This is what the real stink is all about. Magazine publishers have been selling our personal information to advertisers (spammers) for ever. It’s such a lucrative market, they make more money selling our information than they do selling Sports Illustrated off the rack.

      Apple has put a stop to that, if you’re buying through the App Store. Apple is right on this one, it’s their store and if you sign off on the terms of the agreement, your bound to it. It’s very legal.

  1. Once again MacDailyNews is turning blind eye to actual potential issues here.

    “MacDailyNews Take: Then let’s revisit the issue of whether 60% of anything constitutes a “monopoly” if it happens, okay? And, by the way, using 60% share as the criteria would make Coca-Cola a “monopoly” in the carbonated cola market. Surely Pepsi would beg to differ.”

    Your take there is simply wrong. Coca-Cola even having a 90% share over Pepsi is not the same since free market brought the market share to that point. However, Apple restricting free market (by requiring subscriptions in App + 30% for Apple) is monopolistic as it is unfairly manipulating the market to its advantage.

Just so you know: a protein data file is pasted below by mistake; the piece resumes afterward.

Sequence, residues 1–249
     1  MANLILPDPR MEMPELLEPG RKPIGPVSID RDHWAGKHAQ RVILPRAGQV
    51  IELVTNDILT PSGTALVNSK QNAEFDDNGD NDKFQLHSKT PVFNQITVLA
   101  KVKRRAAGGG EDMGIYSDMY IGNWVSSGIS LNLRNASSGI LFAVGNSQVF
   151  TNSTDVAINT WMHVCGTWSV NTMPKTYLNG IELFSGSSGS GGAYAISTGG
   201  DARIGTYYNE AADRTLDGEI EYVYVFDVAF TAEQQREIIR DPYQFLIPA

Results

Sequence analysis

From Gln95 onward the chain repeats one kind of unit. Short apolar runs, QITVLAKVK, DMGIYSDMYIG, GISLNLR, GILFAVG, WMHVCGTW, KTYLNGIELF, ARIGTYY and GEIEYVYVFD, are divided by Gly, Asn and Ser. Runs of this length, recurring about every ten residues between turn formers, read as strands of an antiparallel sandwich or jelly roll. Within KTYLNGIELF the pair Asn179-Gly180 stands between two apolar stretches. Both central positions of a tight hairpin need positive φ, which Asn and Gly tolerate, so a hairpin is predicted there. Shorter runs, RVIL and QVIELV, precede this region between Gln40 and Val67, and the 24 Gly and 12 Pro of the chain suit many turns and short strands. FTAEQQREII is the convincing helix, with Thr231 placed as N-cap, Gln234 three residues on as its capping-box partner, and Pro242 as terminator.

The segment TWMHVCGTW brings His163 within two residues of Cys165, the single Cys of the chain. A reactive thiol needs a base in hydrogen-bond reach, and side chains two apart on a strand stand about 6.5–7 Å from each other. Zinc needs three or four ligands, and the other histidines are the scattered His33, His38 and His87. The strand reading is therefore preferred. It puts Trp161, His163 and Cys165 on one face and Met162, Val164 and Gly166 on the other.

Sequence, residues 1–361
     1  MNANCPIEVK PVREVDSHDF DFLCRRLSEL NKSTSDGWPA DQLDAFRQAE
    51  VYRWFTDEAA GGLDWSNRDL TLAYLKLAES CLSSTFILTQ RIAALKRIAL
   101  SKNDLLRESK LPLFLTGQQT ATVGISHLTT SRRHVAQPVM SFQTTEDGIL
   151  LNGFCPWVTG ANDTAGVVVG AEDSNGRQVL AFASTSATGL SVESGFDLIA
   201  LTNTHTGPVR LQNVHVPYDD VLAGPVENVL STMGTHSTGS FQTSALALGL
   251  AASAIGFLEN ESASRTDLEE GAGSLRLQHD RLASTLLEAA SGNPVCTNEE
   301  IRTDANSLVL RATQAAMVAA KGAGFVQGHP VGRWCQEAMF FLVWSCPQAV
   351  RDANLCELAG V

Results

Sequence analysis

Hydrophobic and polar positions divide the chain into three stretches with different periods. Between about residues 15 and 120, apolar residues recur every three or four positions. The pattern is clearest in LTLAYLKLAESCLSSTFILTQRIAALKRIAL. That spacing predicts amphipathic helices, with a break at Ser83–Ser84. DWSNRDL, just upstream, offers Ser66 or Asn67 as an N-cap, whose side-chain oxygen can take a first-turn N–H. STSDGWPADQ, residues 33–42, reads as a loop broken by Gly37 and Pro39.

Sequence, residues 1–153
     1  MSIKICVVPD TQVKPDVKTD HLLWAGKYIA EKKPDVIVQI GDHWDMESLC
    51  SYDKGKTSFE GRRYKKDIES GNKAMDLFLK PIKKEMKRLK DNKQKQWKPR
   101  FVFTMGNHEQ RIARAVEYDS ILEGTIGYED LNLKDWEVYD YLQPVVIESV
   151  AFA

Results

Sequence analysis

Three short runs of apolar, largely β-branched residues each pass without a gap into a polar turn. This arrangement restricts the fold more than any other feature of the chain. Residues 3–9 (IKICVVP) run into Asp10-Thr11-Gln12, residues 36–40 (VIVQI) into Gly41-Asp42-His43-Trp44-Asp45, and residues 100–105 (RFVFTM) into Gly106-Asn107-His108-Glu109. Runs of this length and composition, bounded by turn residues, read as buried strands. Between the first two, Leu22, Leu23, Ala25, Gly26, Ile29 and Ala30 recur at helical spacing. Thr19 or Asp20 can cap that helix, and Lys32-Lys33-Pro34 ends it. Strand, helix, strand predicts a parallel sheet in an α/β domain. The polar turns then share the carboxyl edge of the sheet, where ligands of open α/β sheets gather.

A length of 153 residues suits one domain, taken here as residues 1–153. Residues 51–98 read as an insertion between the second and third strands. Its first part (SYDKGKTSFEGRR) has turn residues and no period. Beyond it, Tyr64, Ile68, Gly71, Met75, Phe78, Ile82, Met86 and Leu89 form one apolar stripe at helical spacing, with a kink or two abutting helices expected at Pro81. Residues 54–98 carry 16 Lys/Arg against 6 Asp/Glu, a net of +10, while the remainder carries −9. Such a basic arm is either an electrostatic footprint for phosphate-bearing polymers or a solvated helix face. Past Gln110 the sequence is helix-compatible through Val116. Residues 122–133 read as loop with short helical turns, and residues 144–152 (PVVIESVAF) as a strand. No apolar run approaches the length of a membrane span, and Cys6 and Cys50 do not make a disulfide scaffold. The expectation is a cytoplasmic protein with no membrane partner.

1. “Apple restricting free market (by requiring subscriptions in App + 30% for Apple) is monopolistic as it is unfairly manipulating the market to its advantage.”

      Completely wrong.

      “Publishers who use Apple’s subscription service in their app can also leverage other methods for acquiring digital subscribers outside of the app. For example, publishers can sell digital subscriptions on their web sites, or can choose to provide free access to existing subscribers. Since Apple is not involved in these transactions, there is no revenue sharing or exchange of customer information with Apple.”

    2. But surely it’s still a free market? Nobody forced anyone to buy an iPhone or iPad. Apple made the products that people want to buy. If a publisher doesn’t like the terms of the contract they can sell their product a different way.

      1. Yeah, like any other CE manufacturer actually has the competence to compete with Apple on this one.

        Fact is Apple is raising red flags here. In the end there may be nothing to it. Then again, there may be an anti-trust violation. Only a thorough investigation will let us know for sure.

    3. “Apple restricting free market (by requiring subscriptions in App + 30% for Apple) is monopolistic as it is unfairly manipulating the market to its advantage.”

      Clearly, after reading that last statement, you know nothing about the free market. Apple will charge whatever they feel the market will bear and if you agree to the terms and conditions and sign off on the agreement, you will have done so of your own free will.